For many company directors, one of the biggest concerns when facing an insolvency event and/or business closure, such as voluntary liquidation, is what impact the process is likely to have on their employees. In this article, we’re going to look at employee rights and discuss statutory redundancy entitlement and other entitlements, in a creditors voluntary liquidation (CVL) scenario.
These entitlements equally apply to other insolvency events, such as a company administration and a compulsory winding up. Although employees may also be made redundant in contemplation of a members voluntary liquidation (MVL), otherwise referred to as a solvent winding up, it is common that the company (with the assistance of the Insolvency Practitioner) will settle all employee statutory entitlements directly without the need to involve government departments as set out later in this article.
If a business ceases to trade in contemplation of a creditors voluntary liquidation all contracts of employment will be terminated. Despite employment legislation requiring the employer to give employees advanced notification of redundancy, this is often not possible when the company is insolvent. In this instance, employees are likely to be made redundant without notice and advised by the Insolvency Practitioner on how to process claims for various statutory entitlements.
The Insolvency Practitioner will assist all employees in lodging claims with the Redundancy Payments Service, a government department who will pay employees in respect of their statutory entitlements.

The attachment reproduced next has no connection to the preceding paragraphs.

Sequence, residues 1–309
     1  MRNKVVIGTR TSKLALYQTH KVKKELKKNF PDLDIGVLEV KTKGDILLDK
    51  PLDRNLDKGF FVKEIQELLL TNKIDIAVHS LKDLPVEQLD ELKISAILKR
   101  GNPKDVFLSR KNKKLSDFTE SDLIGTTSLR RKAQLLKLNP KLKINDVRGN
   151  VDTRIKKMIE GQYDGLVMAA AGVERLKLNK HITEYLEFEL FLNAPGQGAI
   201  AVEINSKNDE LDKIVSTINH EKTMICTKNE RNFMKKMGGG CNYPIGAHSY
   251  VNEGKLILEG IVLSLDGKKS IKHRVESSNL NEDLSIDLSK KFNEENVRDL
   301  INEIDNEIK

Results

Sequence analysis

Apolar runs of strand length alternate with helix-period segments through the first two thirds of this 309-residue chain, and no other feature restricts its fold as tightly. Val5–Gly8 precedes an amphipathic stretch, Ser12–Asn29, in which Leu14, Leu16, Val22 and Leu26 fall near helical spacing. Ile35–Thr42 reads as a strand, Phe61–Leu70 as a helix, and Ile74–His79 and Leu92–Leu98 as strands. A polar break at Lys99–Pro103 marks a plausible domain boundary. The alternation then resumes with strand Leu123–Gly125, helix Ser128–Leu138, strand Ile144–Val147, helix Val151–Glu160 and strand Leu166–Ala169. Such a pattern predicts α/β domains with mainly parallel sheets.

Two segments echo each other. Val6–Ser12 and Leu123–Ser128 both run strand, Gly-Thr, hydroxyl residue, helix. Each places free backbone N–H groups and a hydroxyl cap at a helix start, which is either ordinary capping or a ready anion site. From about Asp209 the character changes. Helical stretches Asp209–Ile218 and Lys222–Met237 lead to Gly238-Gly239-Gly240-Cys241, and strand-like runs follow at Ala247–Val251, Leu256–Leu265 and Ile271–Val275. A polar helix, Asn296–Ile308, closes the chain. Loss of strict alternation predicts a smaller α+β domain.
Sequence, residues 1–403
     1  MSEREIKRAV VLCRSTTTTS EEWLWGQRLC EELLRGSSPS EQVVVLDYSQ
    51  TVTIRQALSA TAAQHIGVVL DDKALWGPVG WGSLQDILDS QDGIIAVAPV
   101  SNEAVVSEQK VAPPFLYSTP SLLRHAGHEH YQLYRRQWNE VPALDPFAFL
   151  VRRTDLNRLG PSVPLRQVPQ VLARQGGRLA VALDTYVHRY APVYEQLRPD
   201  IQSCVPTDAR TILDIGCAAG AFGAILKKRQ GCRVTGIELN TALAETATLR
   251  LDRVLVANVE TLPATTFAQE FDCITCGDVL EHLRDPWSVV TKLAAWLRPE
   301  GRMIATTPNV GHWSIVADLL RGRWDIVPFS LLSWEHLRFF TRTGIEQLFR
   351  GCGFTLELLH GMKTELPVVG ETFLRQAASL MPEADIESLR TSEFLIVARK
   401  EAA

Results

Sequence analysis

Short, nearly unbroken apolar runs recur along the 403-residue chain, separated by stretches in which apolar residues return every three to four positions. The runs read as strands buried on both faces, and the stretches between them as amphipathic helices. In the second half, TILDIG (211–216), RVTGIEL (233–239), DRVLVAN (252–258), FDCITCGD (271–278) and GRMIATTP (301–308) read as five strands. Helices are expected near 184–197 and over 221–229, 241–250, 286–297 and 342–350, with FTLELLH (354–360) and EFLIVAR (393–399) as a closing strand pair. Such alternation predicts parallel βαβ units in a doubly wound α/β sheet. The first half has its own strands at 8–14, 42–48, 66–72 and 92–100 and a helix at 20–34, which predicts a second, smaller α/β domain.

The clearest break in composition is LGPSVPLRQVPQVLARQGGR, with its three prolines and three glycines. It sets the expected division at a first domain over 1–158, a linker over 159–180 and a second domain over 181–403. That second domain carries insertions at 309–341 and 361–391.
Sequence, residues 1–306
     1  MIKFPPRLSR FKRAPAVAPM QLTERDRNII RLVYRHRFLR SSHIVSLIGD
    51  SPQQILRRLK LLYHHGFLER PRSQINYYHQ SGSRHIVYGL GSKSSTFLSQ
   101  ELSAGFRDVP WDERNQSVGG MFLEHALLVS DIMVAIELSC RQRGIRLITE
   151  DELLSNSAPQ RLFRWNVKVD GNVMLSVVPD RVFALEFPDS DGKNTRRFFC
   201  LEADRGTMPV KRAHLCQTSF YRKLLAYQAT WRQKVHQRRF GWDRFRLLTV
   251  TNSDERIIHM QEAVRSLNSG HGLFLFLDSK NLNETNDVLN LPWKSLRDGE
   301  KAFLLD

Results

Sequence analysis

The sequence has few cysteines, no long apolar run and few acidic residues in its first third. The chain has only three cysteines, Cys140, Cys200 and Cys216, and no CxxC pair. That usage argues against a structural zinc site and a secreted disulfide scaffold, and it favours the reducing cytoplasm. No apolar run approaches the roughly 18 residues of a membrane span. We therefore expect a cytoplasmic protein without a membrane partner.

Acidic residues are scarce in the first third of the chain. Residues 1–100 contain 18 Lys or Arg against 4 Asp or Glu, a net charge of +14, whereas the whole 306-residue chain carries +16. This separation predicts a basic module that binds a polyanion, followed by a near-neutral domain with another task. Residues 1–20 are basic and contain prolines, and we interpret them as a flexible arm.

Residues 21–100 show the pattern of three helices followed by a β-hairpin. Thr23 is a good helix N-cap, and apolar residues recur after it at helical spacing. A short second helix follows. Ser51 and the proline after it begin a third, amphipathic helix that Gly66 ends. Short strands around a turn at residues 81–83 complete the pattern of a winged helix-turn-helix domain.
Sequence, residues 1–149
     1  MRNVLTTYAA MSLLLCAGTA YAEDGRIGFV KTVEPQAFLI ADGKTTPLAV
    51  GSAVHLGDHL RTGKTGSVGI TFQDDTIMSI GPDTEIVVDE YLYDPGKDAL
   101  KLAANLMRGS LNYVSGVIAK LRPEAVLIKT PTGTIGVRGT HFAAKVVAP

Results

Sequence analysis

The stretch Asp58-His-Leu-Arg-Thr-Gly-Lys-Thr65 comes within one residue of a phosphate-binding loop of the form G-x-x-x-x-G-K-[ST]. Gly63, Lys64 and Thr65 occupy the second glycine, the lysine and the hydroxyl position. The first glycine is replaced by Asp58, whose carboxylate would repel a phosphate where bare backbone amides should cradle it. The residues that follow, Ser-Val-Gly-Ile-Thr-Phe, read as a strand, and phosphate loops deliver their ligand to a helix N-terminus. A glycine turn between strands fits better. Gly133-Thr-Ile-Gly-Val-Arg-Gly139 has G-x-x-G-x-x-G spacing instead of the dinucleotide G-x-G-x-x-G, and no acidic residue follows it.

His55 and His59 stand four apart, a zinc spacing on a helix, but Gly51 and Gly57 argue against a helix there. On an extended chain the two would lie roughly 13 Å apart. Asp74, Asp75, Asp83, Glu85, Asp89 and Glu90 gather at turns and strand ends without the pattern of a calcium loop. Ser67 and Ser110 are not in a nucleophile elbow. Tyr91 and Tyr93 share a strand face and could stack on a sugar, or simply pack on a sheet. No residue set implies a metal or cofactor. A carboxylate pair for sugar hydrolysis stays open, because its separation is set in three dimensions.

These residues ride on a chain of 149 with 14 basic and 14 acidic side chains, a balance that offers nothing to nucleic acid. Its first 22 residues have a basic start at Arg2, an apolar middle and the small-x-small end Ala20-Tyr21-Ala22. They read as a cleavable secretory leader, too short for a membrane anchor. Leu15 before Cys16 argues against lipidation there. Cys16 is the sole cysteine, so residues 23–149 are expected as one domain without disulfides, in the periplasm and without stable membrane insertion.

What Can Be Claimed From The Redundancy Payments Service?
Arrears of Wages
Any unpaid wages up to and including the date of redundancy can be claimed. The claim will be at the full contractual rate of pay and can include unpaid bonuses, overtime and commissions.
The Redundancy Payments Services will cap any payments at £538 per week (correct as at 06/04/2020) and claims can only be processed for an 8 week period. Any additional arrears claim will have to be claimed as a creditor in the CVL process.
Employees can claim for holiday days owed that they did not take, as well as holidays taken but which they were not paid.
A calculation will be made to work out the employees’ accrued holiday entitlement from the start of the company’s holiday year to the date of redundancy (plus any carried over holiday should the employment contract permit this). A maximum of 6 weeks holiday can be claimed, again capped at £538 per week. Any additional holiday entitlement will have to be claimed as a creditor in the CVL process.
Statutory Redundancy Entitlement
Any employee who has been continuously employed by the insolvent business for 2 years or more is entitled to statutory redundancy (despite what contractual redundancy they may or may not be entitled to). Statutory redundancy is calculated based on the employee’s age and length of service (again capped at £538 per week).
- ½ a week’s pay for each full year of employment under the age of 22
- 1 week’s pay for each full year of employment between the ages of 22 and 40
- 1 ½ weeks’ pay for each full year of employment aged 41 or older
An employee can claim a maximum of 20 years employment. If you would like to see what your statutory redundancy entitlement could be, you can use the government’s Statutory Redundancy Pay Calculator.
Statutory Payment In Lieu Of Notice
Every employee is entitled to a statutory notice period, regardless of what provisions are stipulated within their employment contract. Statutory notice entitlement is worked out as one week’s notice for every year of employment, up to a maximum of twelve weeks. This entitlement is again capped at £538 per week.
It is also worth noting that the Redundancy Payments Service will not process this element of the employee’s claim until their statutory notice period has actually expired. The statutory notice pay is designed to compensate an employee for loss of earnings for the specified statutory period if they are unable to obtain alternate employment. For example, if an employee has 8 years’ service they would be entitled to 8 weeks statutory notice pay. If they were able to secure new employment 2 weeks after the date of their redundancy, they would only be entitled to claim for the 2 week period in which they were unemployed.